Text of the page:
ANKARA (Reuters) - Turkish smokers are vowing to defy a ban in bars and restaurants that will take effect next year, while anti-smoking campaigners accuse global cigarette companies of targeting the country as a key market.
Turkey is the eighth-biggest cigarette market in the world, where nearly 60 percent of male adults are estimated to smoke. Six global cigarette producers and state-run Tekel compete for a share of it.
The World Health Organisation says 80 percent of tobacco-related deaths will occur within a few decades in developing countries like Turkey, as consumption levels off or even falls in mature world markets. China alone accounts for one third of total cigarette consumption.
Anti-smoking campaigners hope Turkey’s tobacco consumption will fall by at least 10 percent as a ban in public buildings is due to begin in May, and a wider ban including bars and restaurants takes effect in mid-2009.
The government hopes to change European Union candidate Turkey’s image as a haven for smokers. “Smoking like a Turk” is a popular phrase used for heavy smokers in some Western countries.
A number of European countries including Italy, Britain and Ireland have outlawed smoking in public places.
Anyone lighting up inside a public place in Turkey will be fined 57 lira ($48), but businesses say implementation of the ban will be very difficult despite the fines.
“Pulling down the shutters is the only way to stop smoking here. Every one of our customers smokes,” said Cengiz Erdogan, who runs a restaurant in Ankara, as he nods at the ceiling which has turned grey due to heavy smoke.
Despite the threat of a 5,000 lira fine on businesses which allow smoking, bars will be reluctant to stop smokers because they are fearful of losing more customers: the growing conservative middle-class is already increasingly shunning places where alcohol is served.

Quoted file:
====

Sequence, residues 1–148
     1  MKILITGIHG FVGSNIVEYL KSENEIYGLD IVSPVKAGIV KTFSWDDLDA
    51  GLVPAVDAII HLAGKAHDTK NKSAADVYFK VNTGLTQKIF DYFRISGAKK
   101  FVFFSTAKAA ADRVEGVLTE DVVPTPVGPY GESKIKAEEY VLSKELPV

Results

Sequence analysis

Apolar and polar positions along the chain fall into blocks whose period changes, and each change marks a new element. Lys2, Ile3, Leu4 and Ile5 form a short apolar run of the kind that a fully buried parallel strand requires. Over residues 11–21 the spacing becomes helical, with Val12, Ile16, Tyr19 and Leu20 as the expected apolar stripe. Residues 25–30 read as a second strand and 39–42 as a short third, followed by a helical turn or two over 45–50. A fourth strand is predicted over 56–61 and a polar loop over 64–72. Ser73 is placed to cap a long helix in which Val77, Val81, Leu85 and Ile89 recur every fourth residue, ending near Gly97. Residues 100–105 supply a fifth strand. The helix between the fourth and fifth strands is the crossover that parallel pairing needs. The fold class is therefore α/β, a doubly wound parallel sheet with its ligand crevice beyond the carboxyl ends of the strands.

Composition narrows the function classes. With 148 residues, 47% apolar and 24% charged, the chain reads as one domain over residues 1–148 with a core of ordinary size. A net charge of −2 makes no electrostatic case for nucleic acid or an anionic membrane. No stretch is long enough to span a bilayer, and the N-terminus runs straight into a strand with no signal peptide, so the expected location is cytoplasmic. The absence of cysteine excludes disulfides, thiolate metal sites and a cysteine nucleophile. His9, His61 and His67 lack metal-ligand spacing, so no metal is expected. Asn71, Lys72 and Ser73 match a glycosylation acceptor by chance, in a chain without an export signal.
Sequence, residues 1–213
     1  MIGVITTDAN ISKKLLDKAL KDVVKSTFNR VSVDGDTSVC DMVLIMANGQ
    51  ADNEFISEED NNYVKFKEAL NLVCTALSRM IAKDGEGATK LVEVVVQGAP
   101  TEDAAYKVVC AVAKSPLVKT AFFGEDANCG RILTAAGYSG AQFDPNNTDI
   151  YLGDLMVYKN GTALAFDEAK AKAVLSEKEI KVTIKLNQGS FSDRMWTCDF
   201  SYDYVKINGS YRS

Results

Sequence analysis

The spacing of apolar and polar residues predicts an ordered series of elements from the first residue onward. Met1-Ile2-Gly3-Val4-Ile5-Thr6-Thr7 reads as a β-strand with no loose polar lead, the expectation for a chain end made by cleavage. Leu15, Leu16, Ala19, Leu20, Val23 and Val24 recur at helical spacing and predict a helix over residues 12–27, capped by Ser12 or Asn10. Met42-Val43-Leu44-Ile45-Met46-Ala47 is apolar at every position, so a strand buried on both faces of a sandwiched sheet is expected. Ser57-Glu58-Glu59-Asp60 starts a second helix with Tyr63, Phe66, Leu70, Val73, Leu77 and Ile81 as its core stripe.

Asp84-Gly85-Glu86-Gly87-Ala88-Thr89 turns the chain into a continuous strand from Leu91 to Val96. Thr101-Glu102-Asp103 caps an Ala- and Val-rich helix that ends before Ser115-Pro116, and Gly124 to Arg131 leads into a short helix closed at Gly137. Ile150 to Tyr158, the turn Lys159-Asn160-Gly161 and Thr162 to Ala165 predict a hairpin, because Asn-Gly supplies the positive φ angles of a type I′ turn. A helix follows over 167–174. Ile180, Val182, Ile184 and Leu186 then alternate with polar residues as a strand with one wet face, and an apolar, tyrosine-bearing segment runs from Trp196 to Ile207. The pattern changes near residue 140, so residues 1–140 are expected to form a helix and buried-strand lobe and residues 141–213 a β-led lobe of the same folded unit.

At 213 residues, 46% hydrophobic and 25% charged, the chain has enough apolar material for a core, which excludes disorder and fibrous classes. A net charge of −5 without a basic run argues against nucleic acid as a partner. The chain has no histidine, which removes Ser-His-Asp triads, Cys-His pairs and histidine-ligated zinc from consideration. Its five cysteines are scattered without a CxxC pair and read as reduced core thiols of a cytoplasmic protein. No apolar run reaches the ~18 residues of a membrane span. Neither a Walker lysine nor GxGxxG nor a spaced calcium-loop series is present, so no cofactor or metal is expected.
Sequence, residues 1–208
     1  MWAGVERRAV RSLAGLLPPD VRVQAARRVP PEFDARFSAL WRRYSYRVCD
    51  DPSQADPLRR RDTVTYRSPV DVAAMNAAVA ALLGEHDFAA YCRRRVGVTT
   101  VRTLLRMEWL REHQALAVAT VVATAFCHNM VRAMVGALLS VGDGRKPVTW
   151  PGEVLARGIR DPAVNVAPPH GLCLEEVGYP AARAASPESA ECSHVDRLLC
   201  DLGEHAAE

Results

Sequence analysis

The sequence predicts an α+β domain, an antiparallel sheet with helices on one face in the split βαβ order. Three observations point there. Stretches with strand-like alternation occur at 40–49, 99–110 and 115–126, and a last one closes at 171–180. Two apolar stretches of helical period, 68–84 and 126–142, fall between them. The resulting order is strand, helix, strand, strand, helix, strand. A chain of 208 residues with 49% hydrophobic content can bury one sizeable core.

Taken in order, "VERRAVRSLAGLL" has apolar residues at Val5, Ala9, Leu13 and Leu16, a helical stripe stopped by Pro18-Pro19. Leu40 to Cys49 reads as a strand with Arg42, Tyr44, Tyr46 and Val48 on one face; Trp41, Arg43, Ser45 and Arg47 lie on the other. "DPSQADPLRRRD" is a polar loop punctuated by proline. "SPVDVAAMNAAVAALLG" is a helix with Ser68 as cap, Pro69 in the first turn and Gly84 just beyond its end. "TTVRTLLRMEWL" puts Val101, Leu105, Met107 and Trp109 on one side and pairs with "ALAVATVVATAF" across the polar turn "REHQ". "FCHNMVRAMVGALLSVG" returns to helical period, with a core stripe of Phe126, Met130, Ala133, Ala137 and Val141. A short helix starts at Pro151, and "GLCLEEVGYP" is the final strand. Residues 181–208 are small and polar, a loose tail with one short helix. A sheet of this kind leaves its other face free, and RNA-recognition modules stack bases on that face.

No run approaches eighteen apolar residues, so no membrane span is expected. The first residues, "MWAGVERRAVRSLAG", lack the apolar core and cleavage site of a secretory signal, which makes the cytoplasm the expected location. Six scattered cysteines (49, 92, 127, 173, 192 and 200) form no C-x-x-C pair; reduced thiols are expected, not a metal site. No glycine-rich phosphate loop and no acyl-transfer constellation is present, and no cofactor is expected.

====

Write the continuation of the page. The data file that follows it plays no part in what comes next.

Islam prohibits alcoholic beverages and frowns on smoking.
Given that Turks’ national drink, raki, is usually served with a second glass for water, Erdogan argued it will be particularly tricky for Turks to smoke outside as the law dictates: “You cannot go out with two glasses in one hand and a cigarette in another. This will interrupt conversations and spoil your night,” he said.
Despite campaigns by anti-smoking groups, cigarette consumption in Turkey is rising by between a 1-1.5 percent a year, compared with four percent in China.
Anti-smoking groups say international cigarette companies in the past picked the Middle East as a key market and distributed free cigarettes to promote them. They say the ban will be the only way to prevent cigarettes’ disastrous effects on society.
“The cigarette’s impact on Turkey is worse than terror. Every year, 117,000 people die due to cigarettes and we lose $2.5 billion every year due to diseases caused by smoking,” said Semsettin Toprak from the Turkish Temperance Society.
He blamed cigarette-makers for testing their products in Turkey, saying Philip Morris was introducing higher-nicotine, shorter cigarettes in Turkey for the first time to adapt to upcoming restrictions.
“My people are used as guinea pigs. America and Europe saw the dangers and the cigarette companies have turned to developing countries like us,” Toprak said.
Philip Morris International said its Marlboro Intense cigarettes, introduced in Turkey in November, comply with all applicable regulations.
“The tar and nicotine levels of Marlboro Intense cigarettes, as measured in accordance with Turkish regulations, are below the government prescribed ceilings for tar, nicotine and carbon monoxide in Turkey,” company spokesman Richard James said.
He added many Philips Morris brands and Marlboro variants not sold in Turkey are available in other countries.
Many smokers are well aware of the anti-smoking campaigners’ warnings and consequences of their habit for their health. But some are keen to keep smoking as long as they can.
Mustafa Ozkoc, a construction worker, said he started smoking at 13 and is still smoking three packs a day at 49.
“If the government wants to implement this ban, it has to close the cigarette factories. Even then I will make my own cigarettes and continue smoking,” Ozkoc said in a tea house filled with mostly jobless or retired men.
The damaging health impact is not a concern for many.
“Everything we owned has been taken from our hands. This is the only joy I am left with,” Ozkoc says, showing his cigarette. Another man sitting next to him says he will never smoke outside as the law dictates and will not pay the fine either.
“I have no money to pay fines. Will they take my soul?”
Editing by Charles Dick